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HEAT AND MUSTARD GAS BURNS: A COMPARISON

HEAT AND MUSTARD GAS BURNS: A COMPARISON Abstract The object of this series of experiments is to make a comparison of the pathologic picture of heat burns and that of mustard gas burns, with a view to determining whether the same methods of treatment are applicable to the two types of burns. HISTORICAL AND THEORETIC ASPECTS Since the introduction of mustard gas into modern warfare during the first World War there has been much speculation as to the exact nature of mustard gas burns. There has been a general feeling that mustard gas burns are more persistent than heat burns of the same degree of intensity and that the healing process is slower. Little evidence has been adduced to prove this point.It is true that Warthin and Weller,1 who published a rather extensive monograph on mustard gas poisoning in 1919, did produce some evidence to support the general view. The following direct quotation is a summary References 1. Warthin, A. S., and Weller, C. V.: The Medical Aspects of Mustard Gas Poisoning , St. Louis, C. V. Mosby Company, 1919, pp. 79 and 80. 2. MacCallum, W. G.: A Textbook of Pathology , ed. 5, Philadelphia, W. B. Saunders Company, 1934, p. 360. 3. Adami, J. G.: The Principles of Pathology , ed. 2, Philadelphia, Lea & Febiger, 1910, vol. 1, p. 290. 4. Delafield, F.; Prudden, T. M., and Wood, F. C.: A Textbook of Pathology , New York, William Wood & Company, 1921, p. 10. 5. Walton, D. C.: Personal communication to the author. 6. Menkin, V.: Studies on Deflammation: I. Fixation of Vital Dyes in Deflamed Areas , J. Exper. Med. 50:171-180, 1929.Crossref http://www.deepdyve.com/assets/images/DeepDyve-Logo-lg.png Archives of Surgery American Medical Association

HEAT AND MUSTARD GAS BURNS: A COMPARISON

Archives of Surgery , Volume 48 (4) – Apr 1, 1944

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Publisher
American Medical Association
Copyright
Copyright © 1944 American Medical Association. All Rights Reserved.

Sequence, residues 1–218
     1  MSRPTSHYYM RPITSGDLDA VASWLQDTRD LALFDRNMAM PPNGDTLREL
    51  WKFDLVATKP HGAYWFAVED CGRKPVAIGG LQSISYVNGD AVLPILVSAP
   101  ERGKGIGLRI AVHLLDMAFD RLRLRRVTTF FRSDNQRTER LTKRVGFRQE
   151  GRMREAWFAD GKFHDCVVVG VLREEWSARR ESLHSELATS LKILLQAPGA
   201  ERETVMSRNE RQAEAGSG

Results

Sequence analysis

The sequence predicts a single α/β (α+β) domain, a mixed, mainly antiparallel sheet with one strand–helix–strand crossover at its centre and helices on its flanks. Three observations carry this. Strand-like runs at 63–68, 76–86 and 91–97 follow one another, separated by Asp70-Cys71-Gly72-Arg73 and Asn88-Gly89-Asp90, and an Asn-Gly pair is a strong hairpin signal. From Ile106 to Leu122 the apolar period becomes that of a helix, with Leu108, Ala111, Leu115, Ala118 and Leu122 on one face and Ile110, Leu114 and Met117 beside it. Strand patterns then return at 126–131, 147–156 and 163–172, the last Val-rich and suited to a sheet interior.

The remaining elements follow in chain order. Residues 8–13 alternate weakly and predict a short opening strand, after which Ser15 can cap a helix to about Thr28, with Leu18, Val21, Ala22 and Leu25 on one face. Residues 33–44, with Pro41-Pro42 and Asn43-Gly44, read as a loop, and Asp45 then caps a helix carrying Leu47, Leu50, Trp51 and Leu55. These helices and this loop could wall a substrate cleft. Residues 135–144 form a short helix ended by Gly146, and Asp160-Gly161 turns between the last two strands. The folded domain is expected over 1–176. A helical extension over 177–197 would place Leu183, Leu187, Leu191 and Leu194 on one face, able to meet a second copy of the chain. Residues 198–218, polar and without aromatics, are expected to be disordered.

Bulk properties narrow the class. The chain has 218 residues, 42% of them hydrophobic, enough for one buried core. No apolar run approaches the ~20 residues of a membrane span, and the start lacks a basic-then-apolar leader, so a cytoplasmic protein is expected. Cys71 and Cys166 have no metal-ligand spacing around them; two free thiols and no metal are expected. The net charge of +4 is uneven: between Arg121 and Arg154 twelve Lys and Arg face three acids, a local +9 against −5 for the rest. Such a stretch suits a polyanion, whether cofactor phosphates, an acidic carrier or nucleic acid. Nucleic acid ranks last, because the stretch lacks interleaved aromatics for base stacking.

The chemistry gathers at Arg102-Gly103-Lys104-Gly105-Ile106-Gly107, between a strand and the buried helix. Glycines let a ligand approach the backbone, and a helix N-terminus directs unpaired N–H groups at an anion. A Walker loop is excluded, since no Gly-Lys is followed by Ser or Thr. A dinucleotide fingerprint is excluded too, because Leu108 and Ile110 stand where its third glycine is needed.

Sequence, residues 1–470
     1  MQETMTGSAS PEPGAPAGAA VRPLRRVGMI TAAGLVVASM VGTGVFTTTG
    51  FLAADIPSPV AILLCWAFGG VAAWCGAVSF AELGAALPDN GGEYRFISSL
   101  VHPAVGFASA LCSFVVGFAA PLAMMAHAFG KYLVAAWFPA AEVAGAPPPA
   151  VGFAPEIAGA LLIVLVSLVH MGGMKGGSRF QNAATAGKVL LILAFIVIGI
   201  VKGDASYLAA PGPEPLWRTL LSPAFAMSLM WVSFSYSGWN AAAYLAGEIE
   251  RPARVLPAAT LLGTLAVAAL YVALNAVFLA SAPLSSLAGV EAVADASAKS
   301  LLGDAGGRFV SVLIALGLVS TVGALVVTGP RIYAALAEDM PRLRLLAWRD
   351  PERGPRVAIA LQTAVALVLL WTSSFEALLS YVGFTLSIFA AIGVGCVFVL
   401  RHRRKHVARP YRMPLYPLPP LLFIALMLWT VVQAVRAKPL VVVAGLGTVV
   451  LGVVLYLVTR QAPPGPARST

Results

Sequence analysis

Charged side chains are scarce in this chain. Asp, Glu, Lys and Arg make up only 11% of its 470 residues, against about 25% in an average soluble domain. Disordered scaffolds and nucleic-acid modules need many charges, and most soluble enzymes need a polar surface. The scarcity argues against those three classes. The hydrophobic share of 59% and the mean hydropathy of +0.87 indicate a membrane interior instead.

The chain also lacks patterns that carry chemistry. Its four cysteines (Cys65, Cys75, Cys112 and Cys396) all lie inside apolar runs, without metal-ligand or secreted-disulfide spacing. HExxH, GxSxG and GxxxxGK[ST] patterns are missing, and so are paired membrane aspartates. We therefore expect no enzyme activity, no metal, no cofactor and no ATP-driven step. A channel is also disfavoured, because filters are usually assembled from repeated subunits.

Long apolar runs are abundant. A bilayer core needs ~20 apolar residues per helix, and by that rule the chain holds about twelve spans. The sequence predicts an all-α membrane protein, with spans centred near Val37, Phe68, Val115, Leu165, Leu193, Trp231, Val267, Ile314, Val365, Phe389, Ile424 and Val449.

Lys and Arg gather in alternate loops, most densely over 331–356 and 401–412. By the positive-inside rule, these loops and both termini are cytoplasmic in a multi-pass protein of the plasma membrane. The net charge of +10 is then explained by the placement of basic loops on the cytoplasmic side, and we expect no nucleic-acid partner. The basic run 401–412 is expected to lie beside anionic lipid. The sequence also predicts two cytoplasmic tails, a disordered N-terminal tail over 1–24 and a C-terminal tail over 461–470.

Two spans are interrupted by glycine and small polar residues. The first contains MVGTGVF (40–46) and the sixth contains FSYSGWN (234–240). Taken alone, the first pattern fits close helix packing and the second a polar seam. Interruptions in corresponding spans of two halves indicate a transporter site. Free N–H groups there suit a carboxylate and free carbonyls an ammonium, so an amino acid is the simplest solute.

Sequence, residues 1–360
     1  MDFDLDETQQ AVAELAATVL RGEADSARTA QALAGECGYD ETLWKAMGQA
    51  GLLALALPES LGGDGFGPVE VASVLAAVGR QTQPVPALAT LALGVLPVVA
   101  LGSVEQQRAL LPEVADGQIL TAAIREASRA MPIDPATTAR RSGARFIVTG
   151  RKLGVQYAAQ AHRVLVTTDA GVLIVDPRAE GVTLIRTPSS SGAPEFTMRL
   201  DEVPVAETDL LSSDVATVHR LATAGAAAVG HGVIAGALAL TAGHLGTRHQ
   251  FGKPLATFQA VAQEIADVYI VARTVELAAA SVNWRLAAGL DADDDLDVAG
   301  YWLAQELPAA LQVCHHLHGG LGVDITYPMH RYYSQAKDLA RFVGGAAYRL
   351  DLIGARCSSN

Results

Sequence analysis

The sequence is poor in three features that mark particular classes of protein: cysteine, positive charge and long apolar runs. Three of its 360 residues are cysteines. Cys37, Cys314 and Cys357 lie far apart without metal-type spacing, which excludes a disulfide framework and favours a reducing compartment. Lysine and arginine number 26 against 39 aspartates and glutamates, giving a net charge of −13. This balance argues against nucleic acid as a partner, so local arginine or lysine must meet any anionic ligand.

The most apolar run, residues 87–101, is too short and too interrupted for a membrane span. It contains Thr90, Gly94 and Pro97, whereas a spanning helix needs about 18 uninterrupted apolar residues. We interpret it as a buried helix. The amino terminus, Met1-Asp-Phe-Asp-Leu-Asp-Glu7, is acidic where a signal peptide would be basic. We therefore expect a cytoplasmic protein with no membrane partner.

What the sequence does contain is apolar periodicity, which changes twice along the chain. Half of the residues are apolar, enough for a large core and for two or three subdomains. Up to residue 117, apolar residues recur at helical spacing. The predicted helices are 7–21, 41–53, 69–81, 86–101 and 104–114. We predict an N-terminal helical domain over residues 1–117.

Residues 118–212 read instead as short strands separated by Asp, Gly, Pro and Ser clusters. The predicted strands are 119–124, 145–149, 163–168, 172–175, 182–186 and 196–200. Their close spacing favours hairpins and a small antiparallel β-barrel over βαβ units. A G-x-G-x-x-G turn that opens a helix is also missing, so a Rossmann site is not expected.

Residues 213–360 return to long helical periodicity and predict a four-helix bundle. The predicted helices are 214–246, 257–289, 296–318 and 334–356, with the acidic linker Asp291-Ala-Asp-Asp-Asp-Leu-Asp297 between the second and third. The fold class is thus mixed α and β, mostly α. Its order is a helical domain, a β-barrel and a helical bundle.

ISSN
0004-0010
eISSN
1538-3644
DOI
10.1001/archsurg.1944.01230010294003
Publisher site
See Article on Publisher Site

Abstract

Abstract The object of this series of experiments is to make a comparison of the pathologic picture of heat burns and that of mustard gas burns, with a view to determining whether the same methods of treatment are applicable to the two types of burns. HISTORICAL AND THEORETIC ASPECTS Since the introduction of mustard gas into modern warfare during the first World War there has been much speculation as to the exact nature of mustard gas burns. There has been a general feeling that mustard gas burns are more persistent than heat burns of the same degree of intensity and that the healing process is slower. Little evidence has been adduced to prove this point.It is true that Warthin and Weller,1 who published a rather extensive monograph on mustard gas poisoning in 1919, did produce some evidence to support the general view. The following direct quotation is a summary References 1. Warthin, A. S., and Weller, C. V.: The Medical Aspects of Mustard Gas Poisoning , St. Louis, C. V. Mosby Company, 1919, pp. 79 and 80. 2. MacCallum, W. G.: A Textbook of Pathology , ed. 5, Philadelphia, W. B. Saunders Company, 1934, p. 360. 3. Adami, J. G.: The Principles of Pathology , ed. 2, Philadelphia, Lea & Febiger, 1910, vol. 1, p. 290. 4. Delafield, F.; Prudden, T. M., and Wood, F. C.: A Textbook of Pathology , New York, William Wood & Company, 1921, p. 10. 5. Walton, D. C.: Personal communication to the author. 6. Menkin, V.: Studies on Deflammation: I. Fixation of Vital Dyes in Deflamed Areas , J. Exper. Med. 50:171-180, 1929.Crossref

Journal

Archives of SurgeryAmerican Medical Association

Published: Apr 1, 1944

References